Is it time to rebrand Windows Phone, too?

By Kip Kniskern | In Featured, Mobile | Posted September 17, 2013

This morning, Microsoft unveiled a new logo, a redesigned interface, and a new set of features for Bing. The logo moves Microsoft’s search property away from the controversial (to typographers, at least) extra-kerning old logo and in line with the company’s efforts to create a unified look for “One Microsoft”. Here’s a look at the logo along with its counterparts (image from Microsoft via The Verge):

Interesting, but maybe not overly significant that Bing is one of the four “core” colors comprising the Microsoft logo. But the image got us to thinking about Windows Phone’s place in it all. Currently, Microsoft doesn’t list Windows Phone in its official logo images over at the Microsoft News Center, but it does use a version of the skewed Windows 8 logo (it’s at the top of this page).

But the time may be ripe for more than just a logo makeover. With Microsoft’s recent acquisition of Nokia’s phone business, along with a license to use the Nokia name – for current phones only – for 10 years, Microsoft is going to need a name for their new phones moving forward. In announcing the Nokia phone business acquisition, Steve Ballmer alluded to naming issues during a conference call:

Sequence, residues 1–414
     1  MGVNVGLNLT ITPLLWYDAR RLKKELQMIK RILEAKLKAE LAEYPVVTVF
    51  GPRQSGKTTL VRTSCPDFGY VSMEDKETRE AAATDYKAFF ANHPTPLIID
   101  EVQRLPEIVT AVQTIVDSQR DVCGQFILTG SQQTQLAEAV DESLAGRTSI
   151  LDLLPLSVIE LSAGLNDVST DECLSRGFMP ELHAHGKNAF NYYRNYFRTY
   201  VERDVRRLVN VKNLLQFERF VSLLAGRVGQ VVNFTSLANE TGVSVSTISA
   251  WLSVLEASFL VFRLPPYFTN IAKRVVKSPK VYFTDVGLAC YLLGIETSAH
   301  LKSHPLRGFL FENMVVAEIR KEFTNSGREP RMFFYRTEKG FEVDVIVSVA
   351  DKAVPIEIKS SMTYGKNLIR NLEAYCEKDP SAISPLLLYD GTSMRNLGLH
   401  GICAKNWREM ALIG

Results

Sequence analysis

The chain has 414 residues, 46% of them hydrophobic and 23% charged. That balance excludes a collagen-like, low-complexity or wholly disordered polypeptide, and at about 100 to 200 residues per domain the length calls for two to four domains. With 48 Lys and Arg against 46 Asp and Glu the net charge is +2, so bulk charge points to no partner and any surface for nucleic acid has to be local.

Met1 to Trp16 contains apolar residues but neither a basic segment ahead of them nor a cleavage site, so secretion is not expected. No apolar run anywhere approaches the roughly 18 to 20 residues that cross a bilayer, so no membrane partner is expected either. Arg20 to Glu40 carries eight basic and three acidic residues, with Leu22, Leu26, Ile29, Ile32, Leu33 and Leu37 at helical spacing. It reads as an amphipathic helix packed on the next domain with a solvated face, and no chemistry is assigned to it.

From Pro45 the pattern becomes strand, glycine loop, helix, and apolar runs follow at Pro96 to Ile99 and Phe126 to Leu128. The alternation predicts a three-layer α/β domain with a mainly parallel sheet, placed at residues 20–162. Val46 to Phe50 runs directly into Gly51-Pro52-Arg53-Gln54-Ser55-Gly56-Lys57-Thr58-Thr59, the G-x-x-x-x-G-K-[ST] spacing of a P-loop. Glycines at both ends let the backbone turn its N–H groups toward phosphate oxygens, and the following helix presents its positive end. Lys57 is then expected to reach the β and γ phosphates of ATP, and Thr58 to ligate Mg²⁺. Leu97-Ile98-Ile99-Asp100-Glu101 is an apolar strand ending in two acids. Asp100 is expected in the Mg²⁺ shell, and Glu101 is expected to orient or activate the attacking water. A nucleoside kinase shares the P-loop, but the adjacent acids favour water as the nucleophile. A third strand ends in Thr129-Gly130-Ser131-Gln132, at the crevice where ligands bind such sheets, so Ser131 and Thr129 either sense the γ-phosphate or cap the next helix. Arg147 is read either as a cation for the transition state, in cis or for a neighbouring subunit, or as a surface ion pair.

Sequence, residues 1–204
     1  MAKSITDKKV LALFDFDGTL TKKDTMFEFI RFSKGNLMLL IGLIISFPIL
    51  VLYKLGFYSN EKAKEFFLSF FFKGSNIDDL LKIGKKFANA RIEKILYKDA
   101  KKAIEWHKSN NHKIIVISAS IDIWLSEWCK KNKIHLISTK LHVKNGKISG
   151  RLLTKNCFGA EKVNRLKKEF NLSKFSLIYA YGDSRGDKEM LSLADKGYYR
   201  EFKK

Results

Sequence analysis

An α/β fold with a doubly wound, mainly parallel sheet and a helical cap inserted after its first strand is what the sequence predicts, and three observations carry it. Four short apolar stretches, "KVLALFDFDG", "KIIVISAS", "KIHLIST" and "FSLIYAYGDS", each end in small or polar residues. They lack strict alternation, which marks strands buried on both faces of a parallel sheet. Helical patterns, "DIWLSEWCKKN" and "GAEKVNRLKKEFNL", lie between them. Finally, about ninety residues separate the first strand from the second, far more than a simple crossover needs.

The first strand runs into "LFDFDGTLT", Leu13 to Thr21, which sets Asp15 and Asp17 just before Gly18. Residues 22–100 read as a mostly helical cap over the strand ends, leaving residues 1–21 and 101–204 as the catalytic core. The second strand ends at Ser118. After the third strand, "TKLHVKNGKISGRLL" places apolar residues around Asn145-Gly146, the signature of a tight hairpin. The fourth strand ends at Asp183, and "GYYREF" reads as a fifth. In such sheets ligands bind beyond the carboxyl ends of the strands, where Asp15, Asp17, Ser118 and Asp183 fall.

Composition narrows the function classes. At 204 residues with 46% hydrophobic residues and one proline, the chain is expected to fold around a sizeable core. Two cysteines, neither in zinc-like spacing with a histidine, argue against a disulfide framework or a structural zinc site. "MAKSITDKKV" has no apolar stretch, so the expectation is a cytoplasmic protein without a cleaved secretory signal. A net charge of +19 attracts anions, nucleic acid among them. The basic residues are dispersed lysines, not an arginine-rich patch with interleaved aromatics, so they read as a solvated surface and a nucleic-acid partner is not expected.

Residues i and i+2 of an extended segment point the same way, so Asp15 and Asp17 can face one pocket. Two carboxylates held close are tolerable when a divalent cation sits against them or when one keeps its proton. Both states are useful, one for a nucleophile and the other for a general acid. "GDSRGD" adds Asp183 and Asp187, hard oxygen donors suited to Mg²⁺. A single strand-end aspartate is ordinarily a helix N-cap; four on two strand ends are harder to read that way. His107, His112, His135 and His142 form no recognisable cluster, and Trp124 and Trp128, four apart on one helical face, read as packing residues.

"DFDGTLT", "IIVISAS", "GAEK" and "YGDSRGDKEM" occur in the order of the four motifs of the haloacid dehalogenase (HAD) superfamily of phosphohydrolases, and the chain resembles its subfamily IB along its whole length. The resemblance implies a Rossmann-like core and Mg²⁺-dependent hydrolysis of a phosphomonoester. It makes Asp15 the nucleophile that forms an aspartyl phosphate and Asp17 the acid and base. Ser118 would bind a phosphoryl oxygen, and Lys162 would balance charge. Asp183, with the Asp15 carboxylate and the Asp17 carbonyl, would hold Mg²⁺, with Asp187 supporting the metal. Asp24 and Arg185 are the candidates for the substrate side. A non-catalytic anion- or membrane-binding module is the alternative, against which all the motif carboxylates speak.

We can probably do better for a consumer name than the “Nokia Lumia Windows Phone 1020,” and yet, because of where both companies are, and the independent nature of the businesses, we haven’t been able to shorten that name.

We would be very surprised if Microsoft moved away from the Lumia brand, which they do hold the rights to use moving forward, and so changing the name from “Nokia Lumia Windows Phone 1020″ to “Microsoft Lumia Windows Phone 1020″ would actually increase the name by a few letters. With a big new push for Windows Phone once the acquisition finalizes early next year, it might just be the perfect time to roll out a new brand, too.

So was Ballmer hinting at a rebrand? What do you think, should Microsoft drop “Windows Phone”? And for what? Would rebranding the whole Windows Phone line as “Lumia” make sense? (That might not make Microsoft’s other OEM partners, who are apparently still intent on releasing future Windows Phones, too happy). Should Microsoft continue to try to push the “Microsoft” name, as it did when it rebranded Windows Live ID to “Microsoft account”, and the core ex-Windows Live apps to… nothing? Will they become Surface phones? Or should Microsoft launch a whole new brand for their new in-house Windows Phones?

Do you see another rebrand in Microsoft’s future?

Posted September 17th, 2013 at 10:41 am